Ah, the famous speech. You’re expected to absolutely kill it. You’re the maid of honor! The bride hand-picked you, singled you out as the most influential friend in her life. You are the one she wants right next to her on the big day. You’re also the one she expects to give that amazing speech about her. No pressure!
But what if you’re not the best writer or you just have no idea what to say? Maybe you’ve got some ideas, but they need some major fine-tuning. Look no further. Read on for some great tips on how to write the kind of speech you’ve been dreaming of.
This is the cardinal rule of a good wedding speech. You have to make it personal and original. It’s just like a ceremony; beautiful couple and space can be ruined with a really bland ceremony. If you don’t weave a genuine story with your words, it will flop. People want to connect to a speech, so if they can’t, they’ll just tune you out or whisper with others nearby. Your generic wish of happiness is fine, but if you want to write the best, you have to get personal.
Use the Feels
Here’s a writing tip you don’t often hear when it comes to wedding speeches: you have to be in the right mood to write the perfect one. This tip is usually reserved for “serious” writers. You might be thinking of Hemingway, who got drunk before writing, or any other author who needs special surroundings to get into that writing frame of mind. You need this too—but not necessarily the alcohol. You should, however, get drunk on the love and fond memories you have with the bride. Maybe start the process by looking over some photos of the two of you. This will not only get you in that choked up feeling place, it may even spark some great stories that you can include in your speech. Trust me, the pen will flow much easier when you’re feeling it.
Lacking Inspo? Ask!
Are you completely stuck with what to include? This happens and it doesn’t make you a bad maid of honor—just a stuck one. Maybe you haven’t known the bride for very long or you’re just totally blanking. Either way, the easiest solution is to simply ask around. Recruit those close to the bride for help on gathering intel and stories. Be like a MoH journalist, sans the recorder. Just casually start asking for stories and memories from people like the bride’s parents. You can even go to the groom and include some of what he says. Let the feelings surrounding the bride speak for themselves when you’re feeling mute.
It’s all about structure. We have this idea beat into our heads in writing classes. You may think this doesn’t apply to non-scholarly writing, but you’re wrong. It’s so much easier to write a good speech when you have an idea of where everything is headed. You don’t have to follow a structure, it’s true; some people claim to do better freeform, but at least consider an outline. Especially if you’re stuck, finding an outline you like can help. There are a ton of templates online that are sure to give you some direction.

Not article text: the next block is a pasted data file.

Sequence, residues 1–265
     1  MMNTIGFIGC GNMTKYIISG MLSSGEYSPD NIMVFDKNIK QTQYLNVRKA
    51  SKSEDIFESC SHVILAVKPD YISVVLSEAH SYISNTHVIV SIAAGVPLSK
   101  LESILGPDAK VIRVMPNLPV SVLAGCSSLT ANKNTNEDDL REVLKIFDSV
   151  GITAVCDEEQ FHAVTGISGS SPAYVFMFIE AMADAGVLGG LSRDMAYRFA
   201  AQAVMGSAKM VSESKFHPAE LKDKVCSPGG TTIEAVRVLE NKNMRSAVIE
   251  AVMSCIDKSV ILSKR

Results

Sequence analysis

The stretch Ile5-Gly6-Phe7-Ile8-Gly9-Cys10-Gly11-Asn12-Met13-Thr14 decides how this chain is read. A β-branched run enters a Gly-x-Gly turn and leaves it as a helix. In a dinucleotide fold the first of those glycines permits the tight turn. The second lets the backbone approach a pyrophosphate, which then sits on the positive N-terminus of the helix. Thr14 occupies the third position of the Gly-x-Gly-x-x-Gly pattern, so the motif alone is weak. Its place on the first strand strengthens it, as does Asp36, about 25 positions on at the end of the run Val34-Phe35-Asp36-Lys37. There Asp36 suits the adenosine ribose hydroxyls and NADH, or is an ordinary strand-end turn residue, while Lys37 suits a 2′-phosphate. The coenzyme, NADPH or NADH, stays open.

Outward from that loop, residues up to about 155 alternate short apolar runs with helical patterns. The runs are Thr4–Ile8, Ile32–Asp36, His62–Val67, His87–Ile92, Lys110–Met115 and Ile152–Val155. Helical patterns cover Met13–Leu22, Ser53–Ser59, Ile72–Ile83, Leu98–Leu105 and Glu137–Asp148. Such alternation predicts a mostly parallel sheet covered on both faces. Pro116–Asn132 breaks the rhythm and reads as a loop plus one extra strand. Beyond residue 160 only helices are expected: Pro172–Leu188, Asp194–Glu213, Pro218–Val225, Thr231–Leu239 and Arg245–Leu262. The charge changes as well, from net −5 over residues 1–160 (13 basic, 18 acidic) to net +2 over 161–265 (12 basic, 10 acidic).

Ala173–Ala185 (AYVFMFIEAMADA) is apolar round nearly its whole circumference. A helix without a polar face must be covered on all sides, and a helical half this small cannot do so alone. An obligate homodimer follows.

This is the one time it’s actually okay to get super cheesy. Seize the moment! You love the bride or at least care for her a great deal and you want to show this with your words. Believe me, a little sap never hurt anybody. Your audience will be really receptive. Weddings get people in that cheesy mood because they love the couple too. Don’t be afraid to speak out loud all the sappy feelings everybody in the room is feeling too.
The Rule of Sandwiches
This is basically a structure rule that helps you find a writing rhythm. You may have some great funny stories and quips, but aren’t sure where to place them in the speech or how to get the most out of the more interesting bits. Sandwiching is great for this. Basically, just spice up your speech by layering it with normal speech, then a funny bit, then normal speech again. This way your toast keeps everyone’s attention all the way through. People will remember the ride just as much as the message. If you sprinkle the right amount of funny and sappy throughout the whole thing, they will laugh and cry, and it will be fabulous.
There are exceptions to this rule—and sometimes a heartfelt nod to those passed on can be a beautiful addition to your speech—but try to stay positive for the most part. A wedding is, in the end, a celebration and your downer speech might kill the mood. Don’t be the maid of the macabre and try to keep things light. If you’re going to include some heavier details make sure to sandwich those sad things with all the happy and well-wishes.
Writing the best maid of honor speech isn’t as hard as people make it out to be, and if you follow even some of these guidelines, your speech is sure to be a hit. There are some specific elements you want to include like toasting the couple and adding some sappy words of well-wishes, but really the best way to write the best maid of honor speech is to put your heart into it. Speak from there and you can’t fail.